Hair loss in women

June 25, 1999|By KATE COLEMAN

Hair. It was the source of Sampson's strength. It was a Broadway musical.

And hair is a big part of a woman's appearance. We base a lot of our opinions of a woman's attractiveness in her hair, says Dr. Paul Waldman, a Hagerstown dermatologist.

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Hair loss can be debilitating for women, says Dr. Tara Rumbarger, a Hagerstown dermatologist. "It brings tears to many," she says.

Hair loss is much more socially acceptable for men than women. Men have role models without hair, Waldman says. There's Michael Jordan and Jesse Ventura.


But it happens to women, too. The most common type of hair loss, female pattern alopecia - baldness - is hereditary. Hair thins mostly on top and at the sides of the head, not at the forehead hairline like in balding men, Waldman says. A diagnosis of this type of hair loss is made after other possible causes - many of them fixable - are excluded, according to Rumbarger.

American Academy of Dermatology lists several causes of hair loss in women, some the same as those that cause hair loss in men:

* High fever, severe infection or flu

* Surgery, chronic illness

* Thyroid disease, both overactive and underactive

* Medications, including those for high blood pressure, depression, arthritis and gout

* Too much vitamin A

* Cancer treatments

* Diet - not enough protein, iron or zinc.

Rumbarger adds lupus and other rheumatological or autoimmune diseases to the list.

Hormonal changes - taking birth control pills or being perimenopausal - can cause women to lose hair. During pregnancy, less hair than normal is lost, but after childbirth, a lot of hair goes into the resting stage and, a couple of months later, will fall out.

If you are losing what seems like an excessive amount of hair, a visit to a dermatologist can help determine why. A medical history is important, according to Waldman. Rumbarger says she sometimes does a biopsy of the scalp to look at reasons for lack of hair, to see where hair is rooted, to see if there is any inflammation or a scarring pattern where hair will not grow.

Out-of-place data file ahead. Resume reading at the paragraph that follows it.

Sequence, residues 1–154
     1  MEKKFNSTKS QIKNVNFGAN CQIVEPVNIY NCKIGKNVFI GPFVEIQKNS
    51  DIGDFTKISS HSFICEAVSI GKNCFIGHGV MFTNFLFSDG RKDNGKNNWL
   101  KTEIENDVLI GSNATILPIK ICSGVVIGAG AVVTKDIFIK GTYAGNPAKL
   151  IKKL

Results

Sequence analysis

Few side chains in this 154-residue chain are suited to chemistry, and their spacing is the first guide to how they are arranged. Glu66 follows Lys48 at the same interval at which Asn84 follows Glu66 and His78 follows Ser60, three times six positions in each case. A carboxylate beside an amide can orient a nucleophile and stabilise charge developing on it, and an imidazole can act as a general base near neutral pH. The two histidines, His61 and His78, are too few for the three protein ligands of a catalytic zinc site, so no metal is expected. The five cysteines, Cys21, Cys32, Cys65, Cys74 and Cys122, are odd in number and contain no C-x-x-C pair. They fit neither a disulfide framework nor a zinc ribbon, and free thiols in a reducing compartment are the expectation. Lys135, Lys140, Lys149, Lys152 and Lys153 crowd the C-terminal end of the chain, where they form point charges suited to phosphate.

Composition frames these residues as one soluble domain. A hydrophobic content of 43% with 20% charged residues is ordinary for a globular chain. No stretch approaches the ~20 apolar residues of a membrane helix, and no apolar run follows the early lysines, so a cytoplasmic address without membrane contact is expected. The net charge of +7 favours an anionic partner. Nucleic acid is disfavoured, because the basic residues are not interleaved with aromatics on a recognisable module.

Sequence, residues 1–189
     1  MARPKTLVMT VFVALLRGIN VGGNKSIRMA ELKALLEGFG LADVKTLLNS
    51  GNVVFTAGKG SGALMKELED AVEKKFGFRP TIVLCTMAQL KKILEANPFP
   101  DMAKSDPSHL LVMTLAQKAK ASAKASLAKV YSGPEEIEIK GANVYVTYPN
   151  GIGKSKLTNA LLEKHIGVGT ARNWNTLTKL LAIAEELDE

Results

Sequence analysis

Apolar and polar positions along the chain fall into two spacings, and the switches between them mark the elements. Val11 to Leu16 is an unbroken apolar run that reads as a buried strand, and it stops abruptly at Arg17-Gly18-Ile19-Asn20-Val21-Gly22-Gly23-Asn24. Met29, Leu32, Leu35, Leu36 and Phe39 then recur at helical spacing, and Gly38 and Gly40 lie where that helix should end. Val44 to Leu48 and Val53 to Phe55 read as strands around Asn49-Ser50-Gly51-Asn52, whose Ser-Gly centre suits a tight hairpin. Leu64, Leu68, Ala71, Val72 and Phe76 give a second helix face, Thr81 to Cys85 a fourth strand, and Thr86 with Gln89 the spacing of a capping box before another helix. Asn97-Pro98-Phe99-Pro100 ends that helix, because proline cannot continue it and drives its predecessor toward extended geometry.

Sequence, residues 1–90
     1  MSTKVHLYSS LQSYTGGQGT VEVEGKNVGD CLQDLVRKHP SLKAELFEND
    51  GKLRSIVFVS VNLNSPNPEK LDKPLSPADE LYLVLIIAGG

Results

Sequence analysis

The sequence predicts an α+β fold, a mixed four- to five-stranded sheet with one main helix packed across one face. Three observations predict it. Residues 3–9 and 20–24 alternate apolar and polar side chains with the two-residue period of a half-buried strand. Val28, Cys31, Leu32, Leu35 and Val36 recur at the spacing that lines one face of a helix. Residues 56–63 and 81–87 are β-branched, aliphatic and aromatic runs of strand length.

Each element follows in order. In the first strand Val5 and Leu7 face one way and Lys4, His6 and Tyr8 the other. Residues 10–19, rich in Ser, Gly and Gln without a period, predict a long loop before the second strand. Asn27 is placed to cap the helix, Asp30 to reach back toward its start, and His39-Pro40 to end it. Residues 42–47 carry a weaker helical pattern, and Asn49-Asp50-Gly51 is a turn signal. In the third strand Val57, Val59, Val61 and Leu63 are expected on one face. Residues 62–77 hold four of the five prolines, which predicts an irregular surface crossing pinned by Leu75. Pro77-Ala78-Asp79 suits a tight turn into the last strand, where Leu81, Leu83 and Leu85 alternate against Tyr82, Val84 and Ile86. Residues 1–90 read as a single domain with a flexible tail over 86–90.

Hair usually will grow back after chemotherapy. Prescriptions can be changed. But there are possible remedies for some forms of hair loss.

A 2-percent lotion of Minoxidil (Rogaine) is available over the counter for women, Rumbarger says. It is applied twice a day for four to six months. Because there is a risk of birth defects, another drug, Propecia, has not been approved for women, but it can be used if the woman is not pregnant. Anti-androgens, which decrease the action of androgen hormones that can trigger hair loss, can help. And although she is not prescribing them, some prostate cancer medications are being used, Rumbarger says.

Surgical solutions include:

* Transplants - moving grafts of scalp with hair to a bald spot.

* Transferring a larger area or flap of skin with hair to a balding area.

* Removing bald sections of the scalp and extending the remaining hair-covered scalp.

Hair salons provide nonmedical alternatives.

Carol Craig, owner of Hair After Style Quarters in Hagerstown, got into hair replacement 30 years ago when her sister had cancer treatment and lost her hair. The shop has private rooms for clients and can help them with wigs, toupees, turbans and a halo - a ring of face-framing hair worn with a scarf or turban. The shop also provides weaves, attaching a hairpiece to the person's own hair.

Another solution is an "integration," says Mae Wetzel, a hairstylist at the shop for four years. It's like a hair net. Strands of a nylon-fiber hair - the trade name is Cyberhair - are attached to the grids of the web. It's worn like a hair net, and the natural hair is pulled through the spaces. The look is really natural.

Most of the shop's work is custom, Wetzel says. The stylists at the shop teach their clients how to wear the integrations. It takes 10 to 30 minutes to style, Wetzel says. The integration is sold by the square inch. Cost ranges from about $300 to $1,600.

A local woman who didn't want to be identified wears one of these hairpieces, but you wouldn't know it. She works in a public place, and Craig noticed her thinning hair. Not wanting to humiliate or insult the woman, Craig summoned her courage, handed her a business card and said, "I can help you."

She did. The woman, who was very self-conscious about her thinning hair, is happy and says people tell her she looks 10 years younger.

How much hair do you have?

If you haven't lost your hair, how much do you have?

Redheads usually have heads of about 90,000 hairs, brunettes 105,000 and natural blondes - that's NATURAL blondes - 140,000 hairs, according to American Academy of Dermatology.

Normally, about 90 percent of your hair is growing. That phase lasts between two and six years.

The other 10 percent is in a two- to three-month resting stage. After the nap, it is shed. It is normal to shed 50 to 100 hairs per day. After a hair is shed, a new one replaces it.

Scalp hair grows about a half inch a month. That rate slows with age, according to American Academy of Dermatology.

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